The Carnivore is based on Hatsans BT65 QE model rifle, that has been available in standard calibers up to .25 for a couple years now. This is a large gun weighing in at 9.3 lb without a scope, and has a length overall of 48.9″ with a 23″ barrel. The gun uses an ambidextrous synthetic stock with an adjustable comb, an adjustable recoil pad, and textured grips on the forestock and pistol grip. There is another Picatinny mount under the forestock for mounting a light or biopod. The 255 cc under barrel air reservoir has a built in manometer at the distal end.
The two stage adjustable trigger is acceptable out of the box, and is a bit heavy with a bit of creep. After I complete testing I’m going to start working on the trigger. The barrel is shrouded and quiets the report down quite well, it has a bit of a bark still, but I’ve been shooting it on my basement range.
The gun uses a bolt action to cock the gun and indexes the seven shot rotary magazine. To remove the magazine the small bolt is pushed forward and locked, so that when the bolt is pulled back and slotted into the rear notch, it can be removed.
In the two twenty yard seven shot groups to the left, I used the Daystate Emperor Rangemaster 55 grain pellets and the JSB Jumbo Exact 44.75. Both of these printed a single ragged hole. In the closer target, I generated a twenty one shot group while shooting a string over the chrony. I took the gun out and set up a 2″ spinner at 60 yards and hit it 21 times in a row shooting out the window of my car. OK, so not the most serious bench testing, but until the Minnesota winter ends and I pack my mukluks away fro the spring, it’s the best you’ll get from me. I’ll go out in subfreezing weather to hunt, but for target shooting, not so much. I will say however, that I felt more than comfortable with this level of performance to take the Carnivore out hunting.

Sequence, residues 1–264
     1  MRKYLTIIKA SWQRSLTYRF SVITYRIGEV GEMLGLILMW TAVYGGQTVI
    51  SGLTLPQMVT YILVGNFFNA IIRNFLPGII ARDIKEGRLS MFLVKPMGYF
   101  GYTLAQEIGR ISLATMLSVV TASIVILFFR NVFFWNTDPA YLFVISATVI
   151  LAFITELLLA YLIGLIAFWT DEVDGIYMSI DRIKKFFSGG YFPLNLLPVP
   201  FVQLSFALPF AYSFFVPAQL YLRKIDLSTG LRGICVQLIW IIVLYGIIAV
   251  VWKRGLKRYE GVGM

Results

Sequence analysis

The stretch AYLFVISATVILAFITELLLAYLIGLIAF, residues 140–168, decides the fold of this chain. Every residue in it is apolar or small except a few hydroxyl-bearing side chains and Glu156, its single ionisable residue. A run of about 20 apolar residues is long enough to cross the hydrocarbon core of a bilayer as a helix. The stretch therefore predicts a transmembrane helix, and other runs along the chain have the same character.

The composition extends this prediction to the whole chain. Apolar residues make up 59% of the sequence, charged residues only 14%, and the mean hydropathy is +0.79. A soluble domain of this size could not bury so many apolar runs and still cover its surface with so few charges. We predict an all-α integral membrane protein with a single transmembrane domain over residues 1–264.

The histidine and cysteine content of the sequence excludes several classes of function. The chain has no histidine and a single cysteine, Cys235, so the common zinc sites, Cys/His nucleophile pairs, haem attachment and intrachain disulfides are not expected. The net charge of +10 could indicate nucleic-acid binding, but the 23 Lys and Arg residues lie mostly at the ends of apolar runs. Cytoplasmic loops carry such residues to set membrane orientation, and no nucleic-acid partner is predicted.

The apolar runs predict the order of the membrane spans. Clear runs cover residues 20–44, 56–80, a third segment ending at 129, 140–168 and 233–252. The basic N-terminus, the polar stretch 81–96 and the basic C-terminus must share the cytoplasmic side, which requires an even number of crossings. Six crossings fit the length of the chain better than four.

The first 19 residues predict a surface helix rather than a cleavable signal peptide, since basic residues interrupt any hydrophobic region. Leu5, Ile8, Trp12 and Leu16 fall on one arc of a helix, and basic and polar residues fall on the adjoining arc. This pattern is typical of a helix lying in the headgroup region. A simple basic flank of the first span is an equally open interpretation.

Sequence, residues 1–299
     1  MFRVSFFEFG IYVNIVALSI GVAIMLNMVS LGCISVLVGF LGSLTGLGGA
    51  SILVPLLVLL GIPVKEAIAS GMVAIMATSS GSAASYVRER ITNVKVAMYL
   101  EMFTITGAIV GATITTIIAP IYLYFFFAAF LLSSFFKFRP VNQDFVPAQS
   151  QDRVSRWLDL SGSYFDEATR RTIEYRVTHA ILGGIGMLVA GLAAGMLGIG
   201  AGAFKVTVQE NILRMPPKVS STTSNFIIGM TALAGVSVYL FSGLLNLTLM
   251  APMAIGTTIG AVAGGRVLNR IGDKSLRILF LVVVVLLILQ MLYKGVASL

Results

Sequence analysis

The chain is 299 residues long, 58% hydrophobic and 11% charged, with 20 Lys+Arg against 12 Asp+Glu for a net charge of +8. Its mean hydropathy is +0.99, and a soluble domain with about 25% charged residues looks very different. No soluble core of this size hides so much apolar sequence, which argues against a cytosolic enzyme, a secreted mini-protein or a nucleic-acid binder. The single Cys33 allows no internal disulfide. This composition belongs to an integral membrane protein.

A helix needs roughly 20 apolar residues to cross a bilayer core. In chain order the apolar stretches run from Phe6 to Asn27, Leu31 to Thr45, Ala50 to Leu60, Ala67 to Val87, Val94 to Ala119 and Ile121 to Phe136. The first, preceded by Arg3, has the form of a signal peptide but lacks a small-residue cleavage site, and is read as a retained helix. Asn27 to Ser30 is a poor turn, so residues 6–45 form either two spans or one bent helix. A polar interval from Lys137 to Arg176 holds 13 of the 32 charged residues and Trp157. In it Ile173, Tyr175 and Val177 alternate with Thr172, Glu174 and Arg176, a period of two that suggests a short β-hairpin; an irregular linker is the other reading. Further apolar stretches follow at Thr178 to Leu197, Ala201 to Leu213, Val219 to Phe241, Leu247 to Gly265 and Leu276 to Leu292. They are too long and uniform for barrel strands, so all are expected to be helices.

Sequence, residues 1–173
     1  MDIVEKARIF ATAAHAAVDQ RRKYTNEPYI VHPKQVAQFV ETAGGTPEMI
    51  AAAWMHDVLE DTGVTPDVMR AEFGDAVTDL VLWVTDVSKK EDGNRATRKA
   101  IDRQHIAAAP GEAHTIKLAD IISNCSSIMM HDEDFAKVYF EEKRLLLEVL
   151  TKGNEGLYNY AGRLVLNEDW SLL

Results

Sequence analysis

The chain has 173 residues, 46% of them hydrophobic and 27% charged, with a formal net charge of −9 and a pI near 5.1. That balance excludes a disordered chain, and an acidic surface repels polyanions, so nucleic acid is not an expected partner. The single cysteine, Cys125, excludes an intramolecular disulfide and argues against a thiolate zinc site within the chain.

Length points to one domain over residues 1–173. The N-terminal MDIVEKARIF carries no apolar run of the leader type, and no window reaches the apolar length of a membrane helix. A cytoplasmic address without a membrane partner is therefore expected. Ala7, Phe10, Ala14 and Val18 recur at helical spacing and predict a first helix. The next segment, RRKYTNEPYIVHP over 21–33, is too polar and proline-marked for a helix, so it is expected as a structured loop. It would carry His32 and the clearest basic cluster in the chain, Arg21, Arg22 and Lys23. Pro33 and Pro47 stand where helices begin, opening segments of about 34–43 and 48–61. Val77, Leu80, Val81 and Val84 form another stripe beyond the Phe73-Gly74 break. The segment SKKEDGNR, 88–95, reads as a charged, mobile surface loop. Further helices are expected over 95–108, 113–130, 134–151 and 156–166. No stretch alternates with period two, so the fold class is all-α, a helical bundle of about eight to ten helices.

The Emperor weighs about 10 grains more than the Exacts. The body of the pellet is more cylindrical and the dome and skirt are both less pronounced. The Carnivore handles both equally well, though the Exacts are maybe just a little more accurate.
Below is a 21 shot string from the Emperor pellets, starting at 200 BAR and running it down to 110 BAR. The second string was shot with the Exacts, starting after the first magazine. Twenty one shots in a mid bore gun is not bad at all, and is enough for a day out after most small and medium game
The Carnivore is generating approximately 80 fpe, which is the lower end of the power spectrum for a mid bore gun. I will use this gun for predators like coyote, bobcat, and for rabbit squirrel and other small game. It is not a gun that I would use for larger quarry species. In a gun of this power I’d also refrain from using cast bullets.
So, if I’m going to get critical, what are the unfavorable aspects of the Carnivore. The trigger is fairly good but would benefit from a tune, I don’t care for an auto deployed safety, and it is a handful.
But I like the Carnivore, had a good time shooting it, and would recommend it ….. with a couple provisos. This is a rifle that was made to shoot Diabolo pellets, so stick with them. It is a gun that I’d keep to predator sized game inside of 60 yards. But this is a gun that you could also take out for smaller game without it being ridiculously overpowered.
Like all of the calibers I’ve used in the BT 65 platform, this rifle is very accurate, providing almost surgical precision. It is shootable, rugged, reliable, has a high shot capacity, and is a very good value. If you are looking for a solid mid bore performer, this gun is well worth a look.